Two Views of 'Endangered Species Day'
(CNSNews.com) - By proclamation of the U.S. Senate, May 11 is the first-ever "Endangered Species Day." While some are celebrating America's "commitment to protecting and recovering endangered species," a conservative group calls this a perfect time to "end the perverse incentives that pit property owners against wildlife."
The Endangered Species Coalition -- which describes itself as the guardian of the Endangered Species Act of 1973 -- says the goal of this day is simple: " to educate people about the importance of protecting our rare, threatened, and endangered animal and plant species."
Today, schools, libraries, museums, zoos and other organizations will "educate the public about the importance of protecting endangered species and highlight the everyday actions that individuals and groups can take to help protect our nation's wildlife, fish and plants," the coalition said in a press release.
The group is urging Americans to "provide habitat for wildlife in your backyard"; write a letter to the editor about protecting endangered species (a sample is offered); thank lawmakers for supporting the Endangered Species Day resolution; sign a pledge to support the Endangered Species Act; and take a field trip to a local park, zoo or other endangered species habitat or event in your community.
"With over 1,800 species worldwide now listed as threatened and endangered, and thousands more threatened with extinction unless they are protected, every such public education effort is greatly needed," the coalition said.
Protecting property owners
Wait a minute, says the National Center for Policy Analysis, which believes that "bureaucratic wrangling" prompted by the Endangered Species Act has endangered both animals and people.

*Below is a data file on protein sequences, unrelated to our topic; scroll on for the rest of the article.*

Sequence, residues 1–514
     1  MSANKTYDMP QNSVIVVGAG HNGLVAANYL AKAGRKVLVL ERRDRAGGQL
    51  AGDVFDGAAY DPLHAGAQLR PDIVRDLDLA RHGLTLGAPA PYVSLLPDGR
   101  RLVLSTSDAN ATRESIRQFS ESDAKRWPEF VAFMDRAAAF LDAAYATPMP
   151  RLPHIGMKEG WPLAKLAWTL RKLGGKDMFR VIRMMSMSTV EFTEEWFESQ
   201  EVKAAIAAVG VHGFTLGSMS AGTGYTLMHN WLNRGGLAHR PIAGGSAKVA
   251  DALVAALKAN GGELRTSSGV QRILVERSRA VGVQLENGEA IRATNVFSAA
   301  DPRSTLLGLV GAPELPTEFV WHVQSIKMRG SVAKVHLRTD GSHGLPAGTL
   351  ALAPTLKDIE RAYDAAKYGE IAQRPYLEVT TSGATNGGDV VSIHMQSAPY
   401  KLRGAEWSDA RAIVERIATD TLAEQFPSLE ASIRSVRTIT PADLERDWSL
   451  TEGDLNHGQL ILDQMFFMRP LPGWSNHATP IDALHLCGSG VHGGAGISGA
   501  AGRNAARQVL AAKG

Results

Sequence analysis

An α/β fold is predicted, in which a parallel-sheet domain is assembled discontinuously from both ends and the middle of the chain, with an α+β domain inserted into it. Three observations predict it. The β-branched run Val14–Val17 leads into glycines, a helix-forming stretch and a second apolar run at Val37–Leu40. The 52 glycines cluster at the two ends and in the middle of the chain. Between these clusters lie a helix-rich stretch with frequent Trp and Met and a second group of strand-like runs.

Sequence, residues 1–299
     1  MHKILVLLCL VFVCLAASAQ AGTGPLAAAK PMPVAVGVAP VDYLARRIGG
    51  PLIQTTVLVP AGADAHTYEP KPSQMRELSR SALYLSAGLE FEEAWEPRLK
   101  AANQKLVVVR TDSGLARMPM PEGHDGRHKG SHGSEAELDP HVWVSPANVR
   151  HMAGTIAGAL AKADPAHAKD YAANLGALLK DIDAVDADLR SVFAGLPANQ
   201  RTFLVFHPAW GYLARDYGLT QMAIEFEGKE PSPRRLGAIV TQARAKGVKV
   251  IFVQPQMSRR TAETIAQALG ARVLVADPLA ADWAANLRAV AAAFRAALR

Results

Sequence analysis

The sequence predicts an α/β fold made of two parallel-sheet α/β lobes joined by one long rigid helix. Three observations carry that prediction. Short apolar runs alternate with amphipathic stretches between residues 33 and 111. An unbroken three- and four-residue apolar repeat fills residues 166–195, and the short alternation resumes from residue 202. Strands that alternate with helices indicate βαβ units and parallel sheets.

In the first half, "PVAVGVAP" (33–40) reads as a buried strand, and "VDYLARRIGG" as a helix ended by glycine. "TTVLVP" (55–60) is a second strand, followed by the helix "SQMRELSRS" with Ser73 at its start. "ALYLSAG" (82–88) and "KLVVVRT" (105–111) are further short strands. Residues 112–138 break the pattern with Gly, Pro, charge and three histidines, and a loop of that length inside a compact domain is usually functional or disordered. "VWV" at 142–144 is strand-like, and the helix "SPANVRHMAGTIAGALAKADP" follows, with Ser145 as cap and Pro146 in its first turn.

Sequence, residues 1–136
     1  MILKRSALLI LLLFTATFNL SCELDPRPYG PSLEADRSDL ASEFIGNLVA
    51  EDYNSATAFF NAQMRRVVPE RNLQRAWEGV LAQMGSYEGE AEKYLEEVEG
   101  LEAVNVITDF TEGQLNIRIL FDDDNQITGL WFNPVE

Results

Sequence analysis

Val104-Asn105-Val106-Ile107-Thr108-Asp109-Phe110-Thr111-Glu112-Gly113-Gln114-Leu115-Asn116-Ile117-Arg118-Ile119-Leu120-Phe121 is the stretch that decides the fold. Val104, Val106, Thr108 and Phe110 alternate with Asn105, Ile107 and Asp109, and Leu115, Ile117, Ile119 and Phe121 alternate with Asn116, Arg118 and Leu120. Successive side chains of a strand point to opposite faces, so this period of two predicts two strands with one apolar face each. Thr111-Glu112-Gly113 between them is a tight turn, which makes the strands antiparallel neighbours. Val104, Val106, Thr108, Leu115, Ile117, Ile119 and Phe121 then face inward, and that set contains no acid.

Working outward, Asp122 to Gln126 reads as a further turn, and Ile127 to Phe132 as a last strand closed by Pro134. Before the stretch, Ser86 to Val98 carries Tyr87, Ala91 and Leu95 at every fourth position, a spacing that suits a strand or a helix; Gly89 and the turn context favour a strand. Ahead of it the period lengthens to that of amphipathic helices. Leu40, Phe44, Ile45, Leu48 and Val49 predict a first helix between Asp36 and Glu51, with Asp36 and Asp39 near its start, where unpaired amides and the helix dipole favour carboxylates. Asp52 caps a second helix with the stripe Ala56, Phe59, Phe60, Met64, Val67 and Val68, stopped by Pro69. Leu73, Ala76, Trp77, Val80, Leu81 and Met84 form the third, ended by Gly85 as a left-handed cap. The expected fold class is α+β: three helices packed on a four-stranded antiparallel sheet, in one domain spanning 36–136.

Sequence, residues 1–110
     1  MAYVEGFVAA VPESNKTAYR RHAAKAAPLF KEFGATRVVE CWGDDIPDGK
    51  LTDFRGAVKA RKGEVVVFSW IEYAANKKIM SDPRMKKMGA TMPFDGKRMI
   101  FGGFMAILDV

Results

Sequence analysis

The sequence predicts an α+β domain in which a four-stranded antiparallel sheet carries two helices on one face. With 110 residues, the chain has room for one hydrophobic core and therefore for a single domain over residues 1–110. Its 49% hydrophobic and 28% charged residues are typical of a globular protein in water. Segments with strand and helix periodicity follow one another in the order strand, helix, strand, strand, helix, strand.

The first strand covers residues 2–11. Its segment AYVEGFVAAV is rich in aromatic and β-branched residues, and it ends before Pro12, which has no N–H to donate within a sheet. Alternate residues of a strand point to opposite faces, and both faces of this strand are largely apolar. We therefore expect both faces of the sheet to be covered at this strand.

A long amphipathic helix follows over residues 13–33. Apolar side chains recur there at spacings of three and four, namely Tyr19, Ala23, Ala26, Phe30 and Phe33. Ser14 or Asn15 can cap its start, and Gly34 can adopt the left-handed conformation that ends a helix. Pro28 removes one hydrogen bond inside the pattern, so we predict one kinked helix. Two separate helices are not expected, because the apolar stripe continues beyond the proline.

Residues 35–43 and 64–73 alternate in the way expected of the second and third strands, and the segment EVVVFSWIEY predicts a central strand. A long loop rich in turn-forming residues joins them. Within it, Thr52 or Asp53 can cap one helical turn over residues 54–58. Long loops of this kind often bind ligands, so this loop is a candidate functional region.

CPA Senior Fellow H. Sterling Burnett says private property owners should be provided with an incentive to "create, enhance and improve habitat for endangered species," since 75 percent of those endangered species depend either entirely or in part on private property owners for their habitat requirements.
"The best solution is for property owners to be compensated when the government imposes restrictions to preserve species, just as they would if the land were taken for any other public purpose," Burnett said.
The NCPA noted that since its inception, the Endangered Species Act (ESA) has had a marginal success rate despite its large price tag.
According to NCPA, landowners and taxpayers have spent the equivalent of $3.5 billion annually in ESA-related activities; and fewer than 6 percent of the 1,800-plus species listed as endangered or threatened under the ESA have been removed from the list.
"Most of the delisted species were removed only because they were already extinct or were wrongly listed in the first place," the NCPA said.
Burnett also said flawed science has caused some species to be listed as endangered when they weren't; and it has led to habitat-protection requirements that did more harm than good.
"Even if we get the science right, the ESA won't be improved if it doesn't provide people with positive incentives to promote species recovery," Burnett said. "It is important to create conditions under which both species at risk and people can benefit."
The NCPA is a think tank that "advocates private solutions to public policy problems."
Signed into law 30 years ago by President Nixon, the ESA was intended to protect and restore species identified as threatened or endangered.
Last September, amid complaints that the law was prompting more litigation than species recovery, the House of Representatives passed a bill to update and modernize the law.
The Threatened and Endangered Species Recovery Act (TESRA) of 2005, sponsored by Reps. Richard Pombo (R-Calif.) and Dennis Cardoza (D-Calif.), is intended to put the focus back on species recovery, protect private property owners, and eliminate "dysfunctional critical habitat designations," the sponsors said.
The Senate has not yet acted on the bill.
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